28 Dic Who puts the bell… to the subsidy
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In this opportunity I want to share with you the «oil subsidy» problem. As usual, I’ll use an example to outline the Bolivian situation.
Perhaps following a family tradition you are a famous baker in the city, since some time ago you delight to the citizens with three products: 1) bread, 2) delicious cakes and 3) croissants. Naturally for the production of these delicacies, you need 1) ovens, 2) flour, 3) milk, 4) eggs, 5) bakers, etc. Of these products the flour is most important, since it’s the primary raw material.
The Government considers priority the bread and croissants consumption, therefore, approves a law to establish low prices for both products, below the observed prices in the neighbour countries. Additionally, the Government «freeze» the flour prices since is the main input for your product, curiously, the Government also states a Sales Tax of 50% over the products you made.
Time pass and the markets works begin, flour producers reduce their production because frozen prices such a tax, don’t make profitable the production. Moreover, croissants and bread consumers demand significant amounts of both. In this context, you work twice (you ask for a hand from your partner), but of course, your processing capacity is limited. At the same time, the flour, bread and croissants prices, in neighbour countries began to rise, perhaps because friends from China need more calories now their fast growing economy.
If bread and croissants prices become scarce the consumers will protest, because of that the Government decides to buy your bakery and take control of flour production. However, is not enough, eventually the Government needs to buy bread and croissants from your neighbour countries (at high prices) and sell them at low prices.
Unfortunately the system collapse, the flour production drops rapidly, the bread and croissants demand grows and grows (in fact, some crooks buy these products in the country and resell them outside) and the invoice for the bread and croissants imports reaches unimagined numbers.
With that kind of problems the Government states that it is time to take some radical measures and decided to increase the bread and croissants prices… but increasing the sale tax not, as might be expected, improving the flour price. Made the adjustment, the bread and croissants prices increases by more than 70%, the measurement has a 5 days life.
Now, dear readers, change the roles, instead of flour use oil and instead of bread and croissants, use gasoline and diesel oil; so you will have a picture of the Bolivian derivatives hydrocarbons sector problem.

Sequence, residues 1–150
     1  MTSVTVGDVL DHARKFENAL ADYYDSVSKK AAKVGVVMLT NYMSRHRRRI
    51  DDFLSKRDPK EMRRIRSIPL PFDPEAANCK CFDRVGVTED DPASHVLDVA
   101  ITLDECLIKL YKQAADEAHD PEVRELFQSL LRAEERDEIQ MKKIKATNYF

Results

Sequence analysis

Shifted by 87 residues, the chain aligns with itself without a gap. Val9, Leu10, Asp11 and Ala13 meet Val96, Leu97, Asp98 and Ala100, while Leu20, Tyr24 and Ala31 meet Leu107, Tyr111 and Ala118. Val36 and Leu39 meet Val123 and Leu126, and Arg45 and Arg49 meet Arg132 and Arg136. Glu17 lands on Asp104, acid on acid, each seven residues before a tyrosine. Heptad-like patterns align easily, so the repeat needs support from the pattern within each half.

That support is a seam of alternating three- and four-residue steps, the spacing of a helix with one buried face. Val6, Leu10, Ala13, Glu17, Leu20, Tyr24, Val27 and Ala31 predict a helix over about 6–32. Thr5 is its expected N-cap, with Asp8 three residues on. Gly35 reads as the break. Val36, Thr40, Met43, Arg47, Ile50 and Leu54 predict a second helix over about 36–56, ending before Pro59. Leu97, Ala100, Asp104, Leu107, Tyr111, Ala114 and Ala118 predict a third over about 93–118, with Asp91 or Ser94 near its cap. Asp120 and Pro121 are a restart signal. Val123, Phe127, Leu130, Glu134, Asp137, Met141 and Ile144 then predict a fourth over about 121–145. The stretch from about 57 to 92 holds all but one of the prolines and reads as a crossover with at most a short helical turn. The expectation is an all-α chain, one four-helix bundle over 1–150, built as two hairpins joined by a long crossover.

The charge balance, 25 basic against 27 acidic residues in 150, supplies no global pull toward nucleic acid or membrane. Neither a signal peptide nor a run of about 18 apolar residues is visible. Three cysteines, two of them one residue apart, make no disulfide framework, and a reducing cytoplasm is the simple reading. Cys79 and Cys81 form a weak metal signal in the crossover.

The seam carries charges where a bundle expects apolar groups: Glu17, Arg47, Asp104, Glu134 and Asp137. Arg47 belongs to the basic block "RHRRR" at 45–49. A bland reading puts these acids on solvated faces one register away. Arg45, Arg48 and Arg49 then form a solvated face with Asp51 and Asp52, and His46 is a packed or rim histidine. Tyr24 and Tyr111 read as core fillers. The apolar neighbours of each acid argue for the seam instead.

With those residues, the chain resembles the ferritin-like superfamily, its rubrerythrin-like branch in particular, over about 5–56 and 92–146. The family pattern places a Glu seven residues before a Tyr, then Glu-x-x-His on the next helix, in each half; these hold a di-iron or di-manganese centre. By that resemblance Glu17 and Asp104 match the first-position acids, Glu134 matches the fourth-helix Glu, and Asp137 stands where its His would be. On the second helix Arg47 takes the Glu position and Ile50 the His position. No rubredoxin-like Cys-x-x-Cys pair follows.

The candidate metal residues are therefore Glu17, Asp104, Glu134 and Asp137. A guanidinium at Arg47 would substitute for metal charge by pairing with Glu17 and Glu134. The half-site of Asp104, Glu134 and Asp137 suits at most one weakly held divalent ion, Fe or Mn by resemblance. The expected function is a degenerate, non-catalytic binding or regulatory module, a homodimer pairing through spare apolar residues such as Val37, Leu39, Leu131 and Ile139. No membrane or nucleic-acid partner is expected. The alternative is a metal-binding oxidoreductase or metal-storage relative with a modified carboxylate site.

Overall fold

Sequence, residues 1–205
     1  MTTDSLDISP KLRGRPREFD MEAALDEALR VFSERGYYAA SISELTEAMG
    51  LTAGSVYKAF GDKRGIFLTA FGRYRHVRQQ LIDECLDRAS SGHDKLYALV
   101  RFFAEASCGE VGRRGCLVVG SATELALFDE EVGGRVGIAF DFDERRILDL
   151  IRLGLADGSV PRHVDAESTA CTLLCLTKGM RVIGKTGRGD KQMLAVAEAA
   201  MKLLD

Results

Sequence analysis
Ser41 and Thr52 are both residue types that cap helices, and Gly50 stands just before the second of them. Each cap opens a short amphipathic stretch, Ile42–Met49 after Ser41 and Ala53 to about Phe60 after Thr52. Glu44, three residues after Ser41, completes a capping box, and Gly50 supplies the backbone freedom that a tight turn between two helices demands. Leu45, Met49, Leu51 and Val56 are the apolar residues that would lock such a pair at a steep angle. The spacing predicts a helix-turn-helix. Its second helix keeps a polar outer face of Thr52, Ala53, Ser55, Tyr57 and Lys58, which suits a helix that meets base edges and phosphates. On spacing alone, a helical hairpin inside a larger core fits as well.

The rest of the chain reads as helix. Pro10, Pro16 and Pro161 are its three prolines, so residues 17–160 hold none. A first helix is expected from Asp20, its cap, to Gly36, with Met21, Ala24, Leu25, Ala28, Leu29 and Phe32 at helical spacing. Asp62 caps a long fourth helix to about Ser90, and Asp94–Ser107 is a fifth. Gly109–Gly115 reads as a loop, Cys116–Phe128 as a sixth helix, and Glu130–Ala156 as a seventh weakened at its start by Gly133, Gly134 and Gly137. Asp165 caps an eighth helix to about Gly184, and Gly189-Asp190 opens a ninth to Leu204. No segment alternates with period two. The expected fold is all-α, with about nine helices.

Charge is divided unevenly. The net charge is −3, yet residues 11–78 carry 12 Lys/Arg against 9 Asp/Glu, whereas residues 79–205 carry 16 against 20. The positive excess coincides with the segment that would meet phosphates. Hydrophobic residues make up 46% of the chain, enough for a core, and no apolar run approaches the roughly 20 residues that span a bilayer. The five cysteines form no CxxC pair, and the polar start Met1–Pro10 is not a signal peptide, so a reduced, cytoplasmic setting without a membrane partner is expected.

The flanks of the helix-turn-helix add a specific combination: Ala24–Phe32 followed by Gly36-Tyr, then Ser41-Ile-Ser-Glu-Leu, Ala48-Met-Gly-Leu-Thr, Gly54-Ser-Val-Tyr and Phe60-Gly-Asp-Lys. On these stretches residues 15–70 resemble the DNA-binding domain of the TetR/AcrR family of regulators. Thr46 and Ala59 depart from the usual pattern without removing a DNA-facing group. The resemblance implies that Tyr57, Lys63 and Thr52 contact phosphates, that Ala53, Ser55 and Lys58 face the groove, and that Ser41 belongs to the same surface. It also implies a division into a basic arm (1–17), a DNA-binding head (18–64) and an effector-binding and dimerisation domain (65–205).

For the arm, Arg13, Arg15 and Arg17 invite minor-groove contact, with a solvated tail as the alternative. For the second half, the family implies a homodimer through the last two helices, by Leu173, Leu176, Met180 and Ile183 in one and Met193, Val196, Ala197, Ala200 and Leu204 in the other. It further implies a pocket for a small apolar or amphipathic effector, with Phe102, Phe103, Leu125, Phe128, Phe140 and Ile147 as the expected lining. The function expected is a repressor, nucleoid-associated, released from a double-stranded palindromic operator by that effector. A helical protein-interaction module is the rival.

Bolivia import significant diesel oil, gasoline and LPG volumes at high prices and then sold them, to domestic market, at low prices. Let me show you the following chart, for example, by 2007 the diesel oil subsidy was U.S. $ 138 million, but as international prices raise as well the import volumes, rough estimates for 2011 give us the significant amount of U.S. $ 460 million.
This amount of money is too much or too little? To answer this question let me present the following graph; here you can see the diesel oil subsidy as a percentage of total income received by central Government from the export gas sector. For example, in 2007 the diesel oil subsidy represented 36% of total income received by the Central Government; by 2011 this figure rises to 82%. In other words, for every dollar that enters to central government from gas, 78 cents are used to pay the diesel oil subsidy… frankly a nightmare.
How did we reach this situation? Well, we have many answers; however, one is in the oil production tax. Remember the flour production tax? Yes, the 50% sales tax… it was created for the flour for you delicious cakes, because you really made money with them, but unfortunately it was also applied to the flour for the bread and croissants production. (In this analogy, the delicious cakes are the natural gas exports to Brazil).
To end, do you know what is the most interesting and ironical thing? That the diesel oil subsidy for (like all subsidies) are not paid by the President or any of its ministers, is paid by you (through taxes) … as a good friend use to say, «At the end, all the leather comes from the same cow»
Mauricio Medinaceli Monrroy
La Paz, February 7th., 2010